The US State Department has approved sale of four P-8A Poseidon patrol aircraft for $1.46 billion to New Zealand.
The Defense Security Cooperation Agency delivered the required certification notifying Congress of this possible sale on April 27, 2017.
New Zealand has requested the potential sale of up to four P-8A Patrol Aircraft. Each includes: commercial engines, Tactical Open Mission Software (TOMS), Electro-Optical (EO) and Infrared (IR) MX-20HD, AN/AAQ-2(V)1 Acoustic System, AN/APY-10 Radar, ALQ-240 Electronic Support Measures. Also included are eight Multifunctional Information Distribution System Joint Tactical Radio System (MIDS JTRS); five Guardian Laser Transmitter Assemblies (GLTA) for the AN/AAQ-24(V)N; five System Processors for AN/AAQ-24(V)N; 30 AN/AAR-54 Missile Warning Sensors for the AN/AAQ-24(V)N; ten LN-251 with Embedded Global Positioning Systems (GPS)/Inertial Navigations Systems (EGIs); support equipment; operation support systems; maintenance trainer/classrooms; publications; software, engineering, and logistics technical assistance; foreign Liaison officer support, contractor engineering technical services; repair and return; transportation; aircraft ferry; and other associated training, support equipment and services
The Government of New Zealand intends to use these defense articles and services to continue its Maritime Surveillance Aircraft (MSA) capability, following retirement of its P-3K maritime patrol aircraft.
New Zealand has procured and operated U.S. produced P-3 MSA for over 40 years, providing critical capabilities to NATO and coalition maritime operations. New Zealand has maintained a close MSA acquisition and sustainment relationship with the U.S. Navy over this period. The proposed sale will allow New Zealand to recapitalize, modernize and sustain its MSA capability for the next 30 years. As a long-time P-3 operator, New Zealand will have no difficulty transitioning its MSA force to the P-8A and absorbing these aircraft into its armed forces.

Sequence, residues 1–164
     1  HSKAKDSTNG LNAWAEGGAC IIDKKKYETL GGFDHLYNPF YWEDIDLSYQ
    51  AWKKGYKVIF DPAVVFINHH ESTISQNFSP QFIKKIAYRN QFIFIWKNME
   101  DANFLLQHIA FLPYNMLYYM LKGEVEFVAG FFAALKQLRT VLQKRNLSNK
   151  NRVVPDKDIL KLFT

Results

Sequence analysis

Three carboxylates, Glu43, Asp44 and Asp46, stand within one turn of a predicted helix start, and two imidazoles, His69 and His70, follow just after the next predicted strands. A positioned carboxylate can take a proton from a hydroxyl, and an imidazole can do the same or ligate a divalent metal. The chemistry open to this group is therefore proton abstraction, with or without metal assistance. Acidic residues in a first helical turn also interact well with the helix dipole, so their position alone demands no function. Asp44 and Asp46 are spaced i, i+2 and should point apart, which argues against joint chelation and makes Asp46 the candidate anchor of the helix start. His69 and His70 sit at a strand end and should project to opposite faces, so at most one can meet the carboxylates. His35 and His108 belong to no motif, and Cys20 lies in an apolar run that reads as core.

The Royal New Zealand Air Force (RNZAF) has stopped NH90 helicopter operations following an emergency landing near Blenheim Sunday. The helicopter engine has been sent to Sydney for examination
The Royal New Zealand Navy will get its largest ever ship, 1 24,000 ton vessel costing an approximate $493 million in 2020. The 173-meter long vessel, Aotearoa, will be built by Hyundai Heavy Industries
New Zealand's navy has received combat system trainer from Lockheed Martin Canada under the country's planned ANZAC Frigate System Upgrade project. Chief of Navy Rear Admiral John Martin opened the combat system trainer at the Maritime Warfare Training Centre at the New Zealand Navy base in Devonport on February 16, 2017
Japan will be competing with US and European countries for the New Zealands patrol and transport aircraft contracts. Representatives from Japan's defense ministry and Kawasaki Heavy are in New Zealand for negotiations
New Zealand Defence Minister Gerry Brownlee launched the Defence Capability Plan 2016, detailing the NZ$20 billion investment in capability needed out to 2030. According to the plan, “Since then the government has agreed to the procurement of an ice-strengthened naval tanker and high mobility vehicles for the Special Air Service,” Brownlee said
The New Zealand Defense Forces (NZDF) new 9040 infantry rifles have been replaced due to breakage after it was brought into service. The MARS-L rifle bought as part of a $59 million deal to replace Steyr rifles
New Zealand will order four P8-A Poseidon Maritime Patrol Aircraft from Boeing costing US$1.6 Billion to replace six aging Orion patrolling planes
UK Defence Secretary has announced that number 120 Squadron and number 201 Squadron from RAF Lossiemouth in Moray would be operating nine new P-8A Poseidon Maritime Patrol Aircraft. 120 Squadron was the RAFs highest scoring anti-submarine unit in the Second World War with 14 kills
Boeing has recently signed a contract to deliver first deployable P-8A Poseidon trainers, allowing aircrew and operators to improve their mission readiness even while serving away from home. Boeing will provide seven Deployable Mission Readiness Trainers (DMRTs) to the US Navy, starting in 2019
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